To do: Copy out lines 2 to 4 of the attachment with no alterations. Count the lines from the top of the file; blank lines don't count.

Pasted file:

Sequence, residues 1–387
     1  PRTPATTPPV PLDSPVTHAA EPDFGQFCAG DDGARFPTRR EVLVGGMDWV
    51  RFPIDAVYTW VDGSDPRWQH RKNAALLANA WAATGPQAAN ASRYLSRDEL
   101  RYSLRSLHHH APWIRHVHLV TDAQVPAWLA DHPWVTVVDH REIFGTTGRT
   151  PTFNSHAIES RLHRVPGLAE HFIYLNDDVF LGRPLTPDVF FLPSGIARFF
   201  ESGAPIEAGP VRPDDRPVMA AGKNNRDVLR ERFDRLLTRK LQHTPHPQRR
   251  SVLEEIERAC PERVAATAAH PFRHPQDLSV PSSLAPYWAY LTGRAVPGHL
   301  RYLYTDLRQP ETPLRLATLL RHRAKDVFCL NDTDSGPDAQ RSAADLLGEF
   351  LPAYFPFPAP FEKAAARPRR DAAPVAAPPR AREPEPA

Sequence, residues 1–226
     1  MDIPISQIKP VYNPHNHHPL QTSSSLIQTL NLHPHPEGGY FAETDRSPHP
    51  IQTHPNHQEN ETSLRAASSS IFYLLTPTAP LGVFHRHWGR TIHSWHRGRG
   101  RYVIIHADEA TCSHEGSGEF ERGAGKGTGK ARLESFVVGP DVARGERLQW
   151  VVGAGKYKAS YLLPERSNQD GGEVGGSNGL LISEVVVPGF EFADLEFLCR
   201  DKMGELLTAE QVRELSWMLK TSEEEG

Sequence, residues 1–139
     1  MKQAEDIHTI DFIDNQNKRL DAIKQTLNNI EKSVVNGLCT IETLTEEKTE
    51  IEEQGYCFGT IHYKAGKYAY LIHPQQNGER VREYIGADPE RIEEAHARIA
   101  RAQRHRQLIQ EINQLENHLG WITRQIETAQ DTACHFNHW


     1  PRTPATTPPV PLDSPVTHAA EPDFGQFCAG DDGARFPTRR EVLVGGMDWV
    51  RFPIDAVYTW VDGSDPRWQH RKNAALLANA WAATGPQAAN ASRYLSRDEL
   101  RYSLRSLHHH APWIRHVHLV TDAQVPAWLA DHPWVTVVDH REIFGTTGRT